NUJ presses for freelancers' rights

A series of events dedicated to tackling the pressures facing freelance journalists from the media industry’s belt-tightening is underway across the UK.

Throughout July, open forums will suggest ways to defend the pay and conditions of freelancers, which unions say have both suffered as a result of the economic slowdown.

The talks will be heard in the chapels and branches of the National Union of Journalists, which announced the network as part of its month-long campaign for freelancing.

Giving a concentrated voice to freelancers’ concerns is necessary because under the law they have no statutory right to union recognition, the NUJ said.

The union worries that media employers, stung by declining advertising revenues, are prone to forcing employees onto casual contracts to keep costs down.

Michelle Stanistreet, NUJ deputy general secretary, said: “We know freelancers feel more vulnerable because they don’t have workplace union chapels to protect them.

“So I would urge all freelance members to support freelance month by attending their local branch meeting and taking part.”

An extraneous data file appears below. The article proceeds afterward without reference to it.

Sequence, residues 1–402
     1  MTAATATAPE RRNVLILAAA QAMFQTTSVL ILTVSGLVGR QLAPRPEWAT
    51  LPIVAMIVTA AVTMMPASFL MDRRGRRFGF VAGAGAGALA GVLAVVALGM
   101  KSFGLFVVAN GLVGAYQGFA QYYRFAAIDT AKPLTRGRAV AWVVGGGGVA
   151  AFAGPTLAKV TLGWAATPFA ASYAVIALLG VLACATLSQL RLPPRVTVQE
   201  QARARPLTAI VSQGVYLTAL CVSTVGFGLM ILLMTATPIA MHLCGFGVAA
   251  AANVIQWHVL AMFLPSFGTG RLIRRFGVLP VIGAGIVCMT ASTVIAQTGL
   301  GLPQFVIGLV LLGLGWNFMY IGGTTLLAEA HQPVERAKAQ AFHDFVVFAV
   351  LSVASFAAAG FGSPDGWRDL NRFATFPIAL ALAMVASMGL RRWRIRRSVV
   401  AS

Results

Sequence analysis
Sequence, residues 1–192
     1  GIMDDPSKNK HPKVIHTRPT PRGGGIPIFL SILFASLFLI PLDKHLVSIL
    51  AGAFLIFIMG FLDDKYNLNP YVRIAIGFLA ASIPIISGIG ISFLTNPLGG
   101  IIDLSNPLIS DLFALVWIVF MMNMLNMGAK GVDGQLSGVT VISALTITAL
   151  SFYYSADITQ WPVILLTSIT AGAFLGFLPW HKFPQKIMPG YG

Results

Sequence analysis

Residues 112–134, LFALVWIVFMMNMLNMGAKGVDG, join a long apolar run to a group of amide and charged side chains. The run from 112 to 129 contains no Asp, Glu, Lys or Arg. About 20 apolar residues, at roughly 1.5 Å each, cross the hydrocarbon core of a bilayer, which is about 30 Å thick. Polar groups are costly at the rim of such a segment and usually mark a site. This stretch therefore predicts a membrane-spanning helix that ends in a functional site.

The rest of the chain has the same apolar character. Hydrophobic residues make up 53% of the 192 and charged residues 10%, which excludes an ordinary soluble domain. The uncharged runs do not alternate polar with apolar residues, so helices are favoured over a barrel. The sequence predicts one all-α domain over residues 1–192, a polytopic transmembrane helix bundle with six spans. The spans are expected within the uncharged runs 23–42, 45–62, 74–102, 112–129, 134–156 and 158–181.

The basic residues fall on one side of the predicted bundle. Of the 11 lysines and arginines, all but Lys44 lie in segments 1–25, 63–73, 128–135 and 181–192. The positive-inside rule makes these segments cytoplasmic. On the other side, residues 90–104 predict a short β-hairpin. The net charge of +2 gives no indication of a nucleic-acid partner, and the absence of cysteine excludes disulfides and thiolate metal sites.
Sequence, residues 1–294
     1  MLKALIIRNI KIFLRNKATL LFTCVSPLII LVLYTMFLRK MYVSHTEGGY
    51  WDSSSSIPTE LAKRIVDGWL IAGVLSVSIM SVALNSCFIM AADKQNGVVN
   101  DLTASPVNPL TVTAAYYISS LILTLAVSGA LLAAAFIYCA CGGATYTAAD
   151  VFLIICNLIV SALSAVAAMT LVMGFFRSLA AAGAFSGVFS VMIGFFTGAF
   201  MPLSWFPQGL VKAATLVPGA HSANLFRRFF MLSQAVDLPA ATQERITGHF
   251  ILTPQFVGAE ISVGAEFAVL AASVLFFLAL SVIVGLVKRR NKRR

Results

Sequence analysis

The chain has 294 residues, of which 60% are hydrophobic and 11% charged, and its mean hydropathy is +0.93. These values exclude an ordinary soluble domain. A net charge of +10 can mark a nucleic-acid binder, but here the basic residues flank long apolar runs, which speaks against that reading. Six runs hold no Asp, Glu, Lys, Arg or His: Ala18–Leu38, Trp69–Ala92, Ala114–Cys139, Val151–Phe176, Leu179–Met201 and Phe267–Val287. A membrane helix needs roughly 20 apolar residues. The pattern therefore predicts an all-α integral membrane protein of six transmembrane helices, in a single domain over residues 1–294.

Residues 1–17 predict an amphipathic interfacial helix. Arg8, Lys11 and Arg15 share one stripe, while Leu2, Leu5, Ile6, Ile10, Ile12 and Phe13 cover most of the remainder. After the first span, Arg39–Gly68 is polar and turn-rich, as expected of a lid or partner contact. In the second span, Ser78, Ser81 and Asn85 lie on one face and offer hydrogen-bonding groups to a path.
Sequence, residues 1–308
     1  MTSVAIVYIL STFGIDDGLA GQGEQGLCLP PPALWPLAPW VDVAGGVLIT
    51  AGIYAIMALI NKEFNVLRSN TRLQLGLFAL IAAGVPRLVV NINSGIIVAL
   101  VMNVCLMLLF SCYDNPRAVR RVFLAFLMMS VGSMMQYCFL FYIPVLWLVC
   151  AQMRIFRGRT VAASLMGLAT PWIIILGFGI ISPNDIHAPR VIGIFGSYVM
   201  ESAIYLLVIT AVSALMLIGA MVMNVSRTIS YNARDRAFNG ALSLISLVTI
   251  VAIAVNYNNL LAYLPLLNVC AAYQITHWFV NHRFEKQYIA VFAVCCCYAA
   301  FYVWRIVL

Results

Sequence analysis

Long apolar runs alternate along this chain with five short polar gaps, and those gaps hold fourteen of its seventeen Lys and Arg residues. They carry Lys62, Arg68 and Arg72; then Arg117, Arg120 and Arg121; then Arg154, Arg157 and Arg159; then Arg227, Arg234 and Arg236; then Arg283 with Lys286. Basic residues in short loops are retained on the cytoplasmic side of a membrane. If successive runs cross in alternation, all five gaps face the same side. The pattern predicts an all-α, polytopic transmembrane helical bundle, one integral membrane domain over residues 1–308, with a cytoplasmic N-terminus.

At its heart, the campaign will address the fallout on freelancers from a “combination of the recession and the drive by media owners to maintain impossible profit levels”.

The NUJ added: “We have chosen this time because the massive cut backs in the media have hit freelancers at least as hard as staff.

“Many people taking redundancy are choosing to go freelance – which means more people competing for less work.”

Evidence heard at the forums, which are open to all freelancers, is likely to feed into a submission on freelancing policy by the NUJ to the government, suggesting the 31-day campaign could have implications beyond its lifetime.

“We would like to see a clearer definition of a ‘worker’ in the UK and Ireland with statutory workers’ rights on a pro rata basis,” reflected John Toner, NUJ freelance organiser.

“There is already a European directive on holiday pay, and a similar formula could be made to apply to other rights.”

Aside from the lively debate, the forums should also serve as a pick-up for freelance journalists, as “just bringing isolated workers together can be a boost for morale.”

Also in online statement, the NUJ added: “Achieving a work/life balance as a freelance can be incredibly challenging and many freelances work from home, which means they don't always have people around them with whom they can let off steam.”

The union’s lobbying effort for freelancers will extend to asking other media unions, including The Writers Guild, Equity and BECTU, to join in campaigning for the rights of freelance and casual workers.

 

9th July 2009

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